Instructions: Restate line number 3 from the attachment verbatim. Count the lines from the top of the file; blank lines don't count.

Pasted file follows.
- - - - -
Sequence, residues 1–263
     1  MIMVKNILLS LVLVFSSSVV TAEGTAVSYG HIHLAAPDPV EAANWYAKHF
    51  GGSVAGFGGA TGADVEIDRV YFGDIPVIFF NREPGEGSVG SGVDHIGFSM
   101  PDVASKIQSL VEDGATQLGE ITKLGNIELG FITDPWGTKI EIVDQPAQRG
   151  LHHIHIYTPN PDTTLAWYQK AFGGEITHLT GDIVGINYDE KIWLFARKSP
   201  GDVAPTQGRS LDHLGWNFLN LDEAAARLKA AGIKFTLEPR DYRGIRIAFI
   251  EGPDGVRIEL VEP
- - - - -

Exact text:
    51  GGSVAGFGGA TGADVEIDRV YFGDIPVIFF NREPGEGSVG SGVDHIGFSM